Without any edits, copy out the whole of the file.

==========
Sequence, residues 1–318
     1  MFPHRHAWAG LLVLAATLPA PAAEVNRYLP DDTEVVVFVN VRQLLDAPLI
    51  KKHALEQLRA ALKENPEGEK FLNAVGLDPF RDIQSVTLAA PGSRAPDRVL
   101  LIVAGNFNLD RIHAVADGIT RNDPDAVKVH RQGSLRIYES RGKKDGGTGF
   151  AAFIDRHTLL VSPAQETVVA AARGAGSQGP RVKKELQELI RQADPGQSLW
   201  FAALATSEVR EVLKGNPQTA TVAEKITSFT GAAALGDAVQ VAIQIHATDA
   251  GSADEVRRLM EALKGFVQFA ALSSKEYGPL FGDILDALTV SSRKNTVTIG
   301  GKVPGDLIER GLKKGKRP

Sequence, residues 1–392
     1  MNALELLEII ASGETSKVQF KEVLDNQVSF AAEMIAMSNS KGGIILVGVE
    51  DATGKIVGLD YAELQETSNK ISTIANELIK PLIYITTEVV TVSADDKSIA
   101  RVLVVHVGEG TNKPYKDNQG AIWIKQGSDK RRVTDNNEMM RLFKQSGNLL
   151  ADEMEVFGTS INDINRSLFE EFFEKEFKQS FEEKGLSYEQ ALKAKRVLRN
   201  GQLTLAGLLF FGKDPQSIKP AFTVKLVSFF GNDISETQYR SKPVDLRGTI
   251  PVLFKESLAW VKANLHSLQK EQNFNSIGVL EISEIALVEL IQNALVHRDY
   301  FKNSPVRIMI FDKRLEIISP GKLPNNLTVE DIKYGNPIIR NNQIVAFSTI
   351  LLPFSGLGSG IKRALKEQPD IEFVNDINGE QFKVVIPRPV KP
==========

Sequence, residues 1–318
     1  MFPHRHAWAG LLVLAATLPA PAAEVNRYLP DDTEVVVFVN VRQLLDAPLI
    51  KKHALEQLRA ALKENPEGEK FLNAVGLDPF RDIQSVTLAA PGSRAPDRVL
   101  LIVAGNFNLD RIHAVADGIT RNDPDAVKVH RQGSLRIYES RGKKDGGTGF
   151  AAFIDRHTLL VSPAQETVVA AARGAGSQGP RVKKELQELI RQADPGQSLW
   201  FAALATSEVR EVLKGNPQTA TVAEKITSFT GAAALGDAVQ VAIQIHATDA
   251  GSADEVRRLM EALKGFVQFA ALSSKEYGPL FGDILDALTV SSRKNTVTIG
   301  GKVPGDLIER GLKKGKRP

Sequence, residues 1–392
     1  MNALELLEII ASGETSKVQF KEVLDNQVSF AAEMIAMSNS KGGIILVGVE
    51  DATGKIVGLD YAELQETSNK ISTIANELIK PLIYITTEVV TVSADDKSIA
   101  RVLVVHVGEG TNKPYKDNQG AIWIKQGSDK RRVTDNNEMM RLFKQSGNLL
   151  ADEMEVFGTS INDINRSLFE EFFEKEFKQS FEEKGLSYEQ ALKAKRVLRN
   201  GQLTLAGLLF FGKDPQSIKP AFTVKLVSFF GNDISETQYR SKPVDLRGTI
   251  PVLFKESLAW VKANLHSLQK EQNFNSIGVL EISEIALVEL IQNALVHRDY
   301  FKNSPVRIMI FDKRLEIISP GKLPNNLTVE DIKYGNPIIR NNQIVAFSTI
   351  LLPFSGLGSG IKRALKEQPD IEFVNDINGE QFKVVIPRPV KP